Last year, one of my friends jumped off the top of a building. It still doesn’t make sense. We can call my friend Gary, I guess. I met him one evening after he attended a seminar I was teaching. Gary was gay and he told me that his partner would never darken the doors of the church because of just how plain shitty his experiences had been before. I didn’t blame him. Gary had started attending church again because he found community and kindness from Christians there. I think he also found hope that not all Christians were jerks. Gary gave me a hug and a radiant smile the day we met. He was overjoyed to meet a straight Christian who would treat him with dignity. His smile and his hugs were the kind that light up the world for a moment. He volunteered for LOVEboldly for a time after we met. But then he got really angry with Christians again and I didn’t blame him because, well, the Chick-Fil-A debacle happened. And I bet he felt like Christians were more loyal to their chicken sandwiches than they were to him.
When Gary jumped off that building, I was three blocks away. I wondered what the swarm of cop cars was all about while I obliviously sat on that restaurant patio a stone’s throw away, sipping on a beer with some friends and enjoying the beautiful weather. I sensed it though. “Something terrible has happened here tonight,” I commented to a friend as we walked past the building on the way home. I wish I had been wrong. I didn’t know Gary very well, but we would sometimes chat online. And I would pray for him. But then he jumped off that building and I still get confused about it. I wonder if I could have done something more to let him know how many people really cared about him. For a moment, every time I invite people to a LOVEboldly event online, I see his smiling face beaming from his profile picture and get excited because I think, “Oh I haven’t seen Gary in so long! It would be so lovely to catch up!” before I remember. He’s gone.
The morning I got the call, I burst into tears right there in the middle of my office. In the weeks to follow, I started thinking about how many of my friends were suicidal. I’m on the emergency call list for a couple of them. But it scares me to think that someday, they might not call. They might just jump instead. When Gary jumped, I promised myself that I wouldn’t rest until people just didn’t have reasons to jump off buildings anymore. I didn’t think I could stand to get another phone call like that, finding out that another friend had followed Gary’s lead. I’m realizing now that people will always have reasons to jump off buildings. Those reasons will be bad reasons, but they will make just enough sense to kill really beautiful people, and it makes me feel so terribly helpless and sad.
I like answers better than questions. Nevermind that I say differently or that I named this blog “Questianity”. I like black and white. I write lists just so I can cross things off of them. My closet is organized by color and sleeve length. I have a ten year plan. I like precision, solutions, and answers. I like to fix things. My sister knows this. The other day over the phone, she was crying and confiding in me. As we talked, she admitted to me that she sometimes thinks I’m just trying to fix everything for her instead of just letting her be hurt about it. I told her I wasn’t. Then I took a breath and told her I was sorry because I realized I really had communicated that and it wasn’t my intent. And then, after both of those lies, I finally admitted she was right. I was trying to fix it. It just hurts too damn much when my sister cries. And it hurts too much when friends end their lives. It’s much easier for us to fly into action to solve these problems sometimes than to just stop and cry about it.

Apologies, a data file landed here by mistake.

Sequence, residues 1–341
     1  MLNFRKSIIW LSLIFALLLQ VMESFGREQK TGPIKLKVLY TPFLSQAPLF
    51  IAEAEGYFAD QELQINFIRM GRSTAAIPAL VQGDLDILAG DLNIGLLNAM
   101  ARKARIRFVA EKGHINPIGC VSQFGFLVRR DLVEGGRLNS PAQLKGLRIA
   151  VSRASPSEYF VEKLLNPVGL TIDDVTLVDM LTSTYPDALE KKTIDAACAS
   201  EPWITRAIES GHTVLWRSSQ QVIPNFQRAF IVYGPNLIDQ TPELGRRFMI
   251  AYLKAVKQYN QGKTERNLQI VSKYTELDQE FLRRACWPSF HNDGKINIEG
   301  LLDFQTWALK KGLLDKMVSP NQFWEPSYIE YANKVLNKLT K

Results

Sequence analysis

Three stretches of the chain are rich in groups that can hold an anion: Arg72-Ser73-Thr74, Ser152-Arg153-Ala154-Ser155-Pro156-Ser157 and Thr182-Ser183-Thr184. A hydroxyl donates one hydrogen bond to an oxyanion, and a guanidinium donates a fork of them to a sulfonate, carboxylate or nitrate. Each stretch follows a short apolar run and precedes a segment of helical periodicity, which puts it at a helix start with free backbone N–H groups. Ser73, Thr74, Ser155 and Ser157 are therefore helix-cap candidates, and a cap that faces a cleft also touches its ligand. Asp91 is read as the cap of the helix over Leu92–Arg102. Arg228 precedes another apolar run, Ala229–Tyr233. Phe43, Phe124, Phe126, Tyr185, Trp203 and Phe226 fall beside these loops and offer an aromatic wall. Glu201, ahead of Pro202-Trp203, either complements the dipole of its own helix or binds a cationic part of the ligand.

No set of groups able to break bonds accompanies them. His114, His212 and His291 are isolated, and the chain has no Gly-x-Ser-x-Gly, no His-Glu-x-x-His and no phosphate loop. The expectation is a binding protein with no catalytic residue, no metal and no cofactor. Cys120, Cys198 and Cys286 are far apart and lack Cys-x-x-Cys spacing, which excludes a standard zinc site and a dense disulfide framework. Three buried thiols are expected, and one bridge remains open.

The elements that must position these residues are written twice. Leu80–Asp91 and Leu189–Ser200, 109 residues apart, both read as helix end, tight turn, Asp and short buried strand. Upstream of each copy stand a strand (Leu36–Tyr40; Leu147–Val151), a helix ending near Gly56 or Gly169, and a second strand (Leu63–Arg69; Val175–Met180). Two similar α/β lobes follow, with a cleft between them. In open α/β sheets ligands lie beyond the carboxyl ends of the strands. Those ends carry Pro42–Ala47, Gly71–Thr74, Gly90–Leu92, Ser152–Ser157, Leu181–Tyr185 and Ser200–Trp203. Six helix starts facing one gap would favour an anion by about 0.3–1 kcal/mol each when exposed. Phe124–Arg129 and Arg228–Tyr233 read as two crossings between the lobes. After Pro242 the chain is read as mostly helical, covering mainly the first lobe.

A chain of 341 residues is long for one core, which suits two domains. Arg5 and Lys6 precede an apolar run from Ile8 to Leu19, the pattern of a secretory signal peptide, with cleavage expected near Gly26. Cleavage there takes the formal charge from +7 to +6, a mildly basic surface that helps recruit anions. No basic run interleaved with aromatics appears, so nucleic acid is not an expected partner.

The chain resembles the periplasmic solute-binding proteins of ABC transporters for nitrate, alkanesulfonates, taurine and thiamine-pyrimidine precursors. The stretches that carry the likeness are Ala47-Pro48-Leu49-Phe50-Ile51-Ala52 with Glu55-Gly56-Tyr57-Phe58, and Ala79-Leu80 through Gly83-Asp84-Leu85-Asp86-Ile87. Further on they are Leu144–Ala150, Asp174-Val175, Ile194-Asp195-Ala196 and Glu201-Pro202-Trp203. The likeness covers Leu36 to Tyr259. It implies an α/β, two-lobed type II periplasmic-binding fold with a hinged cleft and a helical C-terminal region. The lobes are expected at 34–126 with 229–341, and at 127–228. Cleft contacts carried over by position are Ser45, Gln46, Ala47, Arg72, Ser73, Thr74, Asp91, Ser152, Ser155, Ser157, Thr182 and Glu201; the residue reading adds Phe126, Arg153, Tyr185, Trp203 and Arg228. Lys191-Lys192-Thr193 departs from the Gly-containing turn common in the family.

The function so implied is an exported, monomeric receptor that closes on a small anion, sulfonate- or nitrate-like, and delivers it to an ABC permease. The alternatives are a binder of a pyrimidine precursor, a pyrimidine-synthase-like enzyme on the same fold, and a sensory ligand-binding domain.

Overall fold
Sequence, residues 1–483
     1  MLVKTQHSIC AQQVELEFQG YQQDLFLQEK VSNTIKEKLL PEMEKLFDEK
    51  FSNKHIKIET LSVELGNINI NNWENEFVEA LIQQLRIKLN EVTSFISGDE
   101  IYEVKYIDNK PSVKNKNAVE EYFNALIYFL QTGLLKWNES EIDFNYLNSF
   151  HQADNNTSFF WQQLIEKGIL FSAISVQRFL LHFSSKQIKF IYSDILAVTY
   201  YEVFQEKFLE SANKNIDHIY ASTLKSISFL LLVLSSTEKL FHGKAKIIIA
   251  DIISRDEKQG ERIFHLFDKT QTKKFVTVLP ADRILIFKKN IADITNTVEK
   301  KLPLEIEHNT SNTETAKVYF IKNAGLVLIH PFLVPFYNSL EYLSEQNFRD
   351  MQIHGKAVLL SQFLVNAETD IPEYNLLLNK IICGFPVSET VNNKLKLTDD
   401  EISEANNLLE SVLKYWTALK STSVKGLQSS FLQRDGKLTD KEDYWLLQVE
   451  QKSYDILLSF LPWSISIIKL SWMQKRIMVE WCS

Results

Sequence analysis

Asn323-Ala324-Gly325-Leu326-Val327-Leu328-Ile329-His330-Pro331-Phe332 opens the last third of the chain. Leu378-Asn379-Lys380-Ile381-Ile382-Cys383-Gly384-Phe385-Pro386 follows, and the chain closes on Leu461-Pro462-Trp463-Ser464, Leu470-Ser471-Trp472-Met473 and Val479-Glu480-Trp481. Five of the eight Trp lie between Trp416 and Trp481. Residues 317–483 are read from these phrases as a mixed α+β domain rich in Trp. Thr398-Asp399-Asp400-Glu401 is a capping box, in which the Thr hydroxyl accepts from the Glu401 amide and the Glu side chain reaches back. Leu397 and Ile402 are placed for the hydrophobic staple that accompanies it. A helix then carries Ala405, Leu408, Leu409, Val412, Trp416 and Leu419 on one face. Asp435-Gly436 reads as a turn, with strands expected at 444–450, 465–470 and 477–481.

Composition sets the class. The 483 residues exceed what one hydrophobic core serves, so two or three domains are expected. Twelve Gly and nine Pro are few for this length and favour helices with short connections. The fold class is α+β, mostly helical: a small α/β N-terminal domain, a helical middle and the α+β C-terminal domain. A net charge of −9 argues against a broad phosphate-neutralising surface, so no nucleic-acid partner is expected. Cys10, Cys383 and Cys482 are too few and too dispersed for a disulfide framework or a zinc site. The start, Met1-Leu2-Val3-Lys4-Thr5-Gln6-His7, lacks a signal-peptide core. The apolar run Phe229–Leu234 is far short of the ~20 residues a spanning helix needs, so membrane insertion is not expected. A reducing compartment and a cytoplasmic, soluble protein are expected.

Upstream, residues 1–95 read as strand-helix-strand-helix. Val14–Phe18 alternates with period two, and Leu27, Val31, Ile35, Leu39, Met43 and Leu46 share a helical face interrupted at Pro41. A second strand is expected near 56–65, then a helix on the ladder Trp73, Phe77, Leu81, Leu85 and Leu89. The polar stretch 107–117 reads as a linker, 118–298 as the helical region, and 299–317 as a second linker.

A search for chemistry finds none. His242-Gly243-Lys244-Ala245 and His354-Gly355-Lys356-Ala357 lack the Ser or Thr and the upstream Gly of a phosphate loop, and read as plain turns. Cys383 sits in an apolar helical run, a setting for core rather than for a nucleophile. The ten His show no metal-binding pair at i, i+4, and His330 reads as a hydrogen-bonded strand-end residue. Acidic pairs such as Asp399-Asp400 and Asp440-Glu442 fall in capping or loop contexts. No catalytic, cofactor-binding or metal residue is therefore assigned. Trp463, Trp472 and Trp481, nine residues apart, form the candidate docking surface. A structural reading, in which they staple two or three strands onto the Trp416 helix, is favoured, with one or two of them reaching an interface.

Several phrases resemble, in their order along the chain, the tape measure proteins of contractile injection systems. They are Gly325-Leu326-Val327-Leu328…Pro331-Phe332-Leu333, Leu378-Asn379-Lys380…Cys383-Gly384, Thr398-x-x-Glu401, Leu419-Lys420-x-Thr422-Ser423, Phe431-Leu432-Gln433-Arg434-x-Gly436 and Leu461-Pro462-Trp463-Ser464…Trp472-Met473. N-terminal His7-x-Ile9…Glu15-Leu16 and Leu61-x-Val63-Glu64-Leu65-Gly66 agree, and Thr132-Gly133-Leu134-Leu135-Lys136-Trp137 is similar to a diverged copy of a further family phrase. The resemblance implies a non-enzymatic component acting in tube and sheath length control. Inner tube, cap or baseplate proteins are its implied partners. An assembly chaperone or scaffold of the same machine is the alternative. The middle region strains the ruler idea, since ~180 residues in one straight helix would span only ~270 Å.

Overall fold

When Cade rebels like that and hurts himself, it’s not Leah’s anger that overflows in the moments she corrects him. It’s her love. She picks him up, leans towards his mop of curly locks, his big blue eyes, and the enormous tears running down his chubby cheeks and she chuckles sadly and pleads with him, saying, “Sweetheart, why did you do that to yourself? Please don’t do it again okay? I don’t want you to hurt. Let me kiss it now and make it better.”
I guess sometimes we all slam our fingers in gates and wonder why all the furniture in the world seems to be turning against us, instead of admitting our fingers shouldn’t have been there in the first place. I think that’s why Jesus came. God wanted to stoop down to kiss the throbbing fingers, wipe those tears from our big sad eyes, and make it better. Even when the mess we got ourselves into was our own dumb fault.
I bet when Gary got to heaven, God scooped him up into his arms right then and there, holding him in all his hurt as those tears streamed down Gary’s face. I bet God understood that, on some level, Gary just didn’t know any better than to jump off that building that night. But both God and I wish that he had. Sometimes when I think about God wiping our tears away like that, I start to understand that line about “saving a wretch like me” that we sing about grace in that most popular hymn of all time. I don’t know about you, but when I slam my finger in the gate, I don’t think I much deserve to be held, embraced, and doted upon.
I’m tired and sad tonight. I’m so ready for the whole world to become beautiful again. I want to take off my shoes and splash in puddles when it rains and I want to stop and dance on the sidewalk when music floats through the air. I want people to get along. I want them to listen to each other and be kind. I want to hug people like I mean it. I want us all to be able to say things like “I need you” and “That hurts me” and “I trust you” without fear. In the New Jerusalem, the lion is going to lay down with the lamb, and my sister won’t have to cry ever again, and my friends will stop jumping off of buildings.
I’m just ready for it.